A Beginner’s Guide to Investing in Cryptocurrency

Apr 06, 2020 at 15:53 // News
Before you invest your money, you have to consider what kind of crypto investment you want to engage in

Today's global health crisis has been nothing short of catastrophic for the global economy—as evident by the falling property markets, and the major issues occurring with the global supply chain right now.

A small silver lining, however, is that this unstable environment has enforced innovative new systems of work. In the financial sector, that means it has pushed cryptocurrency back into the limelight as a viable asset and potential alternative to our current fiat-based economies.

True enough, a report on Yahoo found that even some government entities, such as the US Congress, have genuinely started to consider the introduction of digital currencies.

As such, there's no better time than now to get familiar with cryptocurrency. So, here are some things every beginner should know before investing.

Direct vs. Indirect

Before you invest your money, you have to consider what kind of crypto investment you want to engage in: direct or indirect. The former is very straightforward. Similar to forex, it’s the buying and selling between different types of coins. On another hand, crypto acts more like a business, with entries in the stock market as well. Stocks are recommended for long-term investors, as the profits aren’t as big.

Choosing your platform

Once you’ve settled on your method of investment, it’s time to choose your platform.  In a previous article entitled ‘Buying From Crypto Exchanges’, we discussed how it's important to run a background check on your potential trading platforms. See if any authority in coin exchanges sponsors them. One of the most reputable regulatory systems in the market is BitLicense, which has only verified 18 companies to date. Other names to look for include ISO, FinCEN, and SEC (for US-based traders). Alternatively, you can also research the platform’s owner/s. Determine if they are reputable investors, as this will certainly add extra credibility.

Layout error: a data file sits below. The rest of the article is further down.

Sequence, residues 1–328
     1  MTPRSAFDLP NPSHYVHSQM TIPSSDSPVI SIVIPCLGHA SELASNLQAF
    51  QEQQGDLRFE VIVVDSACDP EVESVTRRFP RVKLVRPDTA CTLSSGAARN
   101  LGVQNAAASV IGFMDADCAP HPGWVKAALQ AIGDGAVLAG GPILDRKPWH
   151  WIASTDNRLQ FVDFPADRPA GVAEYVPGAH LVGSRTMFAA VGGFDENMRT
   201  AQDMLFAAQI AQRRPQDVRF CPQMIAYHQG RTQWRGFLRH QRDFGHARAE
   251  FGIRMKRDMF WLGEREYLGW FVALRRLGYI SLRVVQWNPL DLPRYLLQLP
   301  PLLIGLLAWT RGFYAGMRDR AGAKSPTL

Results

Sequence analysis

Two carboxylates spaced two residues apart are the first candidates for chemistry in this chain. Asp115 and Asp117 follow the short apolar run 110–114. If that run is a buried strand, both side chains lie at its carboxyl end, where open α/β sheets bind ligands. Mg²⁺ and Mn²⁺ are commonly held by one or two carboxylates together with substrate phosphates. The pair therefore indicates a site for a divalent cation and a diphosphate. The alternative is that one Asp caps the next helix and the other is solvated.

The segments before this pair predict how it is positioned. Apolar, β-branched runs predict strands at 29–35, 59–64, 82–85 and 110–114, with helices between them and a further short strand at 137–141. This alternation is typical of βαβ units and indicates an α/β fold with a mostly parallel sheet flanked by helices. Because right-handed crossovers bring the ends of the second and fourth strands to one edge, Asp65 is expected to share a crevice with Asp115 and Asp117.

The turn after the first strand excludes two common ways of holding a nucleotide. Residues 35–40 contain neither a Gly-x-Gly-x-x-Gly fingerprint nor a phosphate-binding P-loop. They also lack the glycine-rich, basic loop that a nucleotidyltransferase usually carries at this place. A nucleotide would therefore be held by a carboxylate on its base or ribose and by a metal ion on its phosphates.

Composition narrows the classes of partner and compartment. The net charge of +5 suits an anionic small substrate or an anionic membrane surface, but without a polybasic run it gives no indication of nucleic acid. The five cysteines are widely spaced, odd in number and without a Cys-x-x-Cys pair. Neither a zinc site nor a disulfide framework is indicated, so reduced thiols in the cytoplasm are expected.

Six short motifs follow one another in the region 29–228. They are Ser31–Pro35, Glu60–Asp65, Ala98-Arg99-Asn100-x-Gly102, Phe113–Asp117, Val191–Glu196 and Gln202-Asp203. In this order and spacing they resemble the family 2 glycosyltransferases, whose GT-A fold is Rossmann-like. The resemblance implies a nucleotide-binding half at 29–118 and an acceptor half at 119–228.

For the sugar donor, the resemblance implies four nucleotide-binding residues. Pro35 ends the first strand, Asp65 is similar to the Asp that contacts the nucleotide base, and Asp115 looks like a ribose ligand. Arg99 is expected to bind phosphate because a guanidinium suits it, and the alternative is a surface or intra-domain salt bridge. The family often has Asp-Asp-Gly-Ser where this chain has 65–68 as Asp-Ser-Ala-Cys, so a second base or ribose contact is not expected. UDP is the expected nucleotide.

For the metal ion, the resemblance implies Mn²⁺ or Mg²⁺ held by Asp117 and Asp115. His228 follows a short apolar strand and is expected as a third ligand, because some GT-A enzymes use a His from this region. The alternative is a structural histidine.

Finally, consider the fees. How much is the platform’s cut from every exchange you make? You need a broker that takes as little as possible or at the very least offers competitive rates.

Investment in cyrpto

Managing your account

Crypto is volatile by nature. You can make profits as easy as you can incur losses. This can be daunting for new crypto investors, especially for those who lack experience when it comes to investing. That being said, companies all around the world are making cryptocurrency more accessible by helping beginners navigate this tricky landscape. Plus500 UK’s intuitive cryptocurrency trading platform is built around making selling just as easy as buying, by allowing users to manage their coins better. Users can also choose to set price alerts to help minimize losses. Similar features from other apps also help in demystifying the entire trading process.

It also helps if you know which coins to buy. For newbies, start with one or two of the four most stable cryptos on the market today: Bitcoin, Ethereum, Ripple, and Litecoin. As an extra tip, these four are good options for long-term investment, as crypto statistics on Forbes show that their overall trend over the past few years have all been upward, despite experiencing a few hiccups. This means that even though the price of Bitcoin may drop tomorrow, the likelihood is it will probably bounce back relatively soon. And there’s always the option to trade them.

Investing in crypto is very similar to investing in other things, like stocks or insurance. You could argue that it’s risky due to its infancy, but all good investments have an element of unpredictability to them. After all, nobody really knows what the market will look like in the future.

Disclaimer. This article is provided by a third-party source and should not be viewed as an endorsement by CoinIdol. Readers should do their own research before investing funds in any company. CoinIdol shall not be responsible or liable, directly or indirectly, for any damage or loss caused or alleged to be caused by or in connection with the use of or reliance on any such content, goods or services mentioned in this article.

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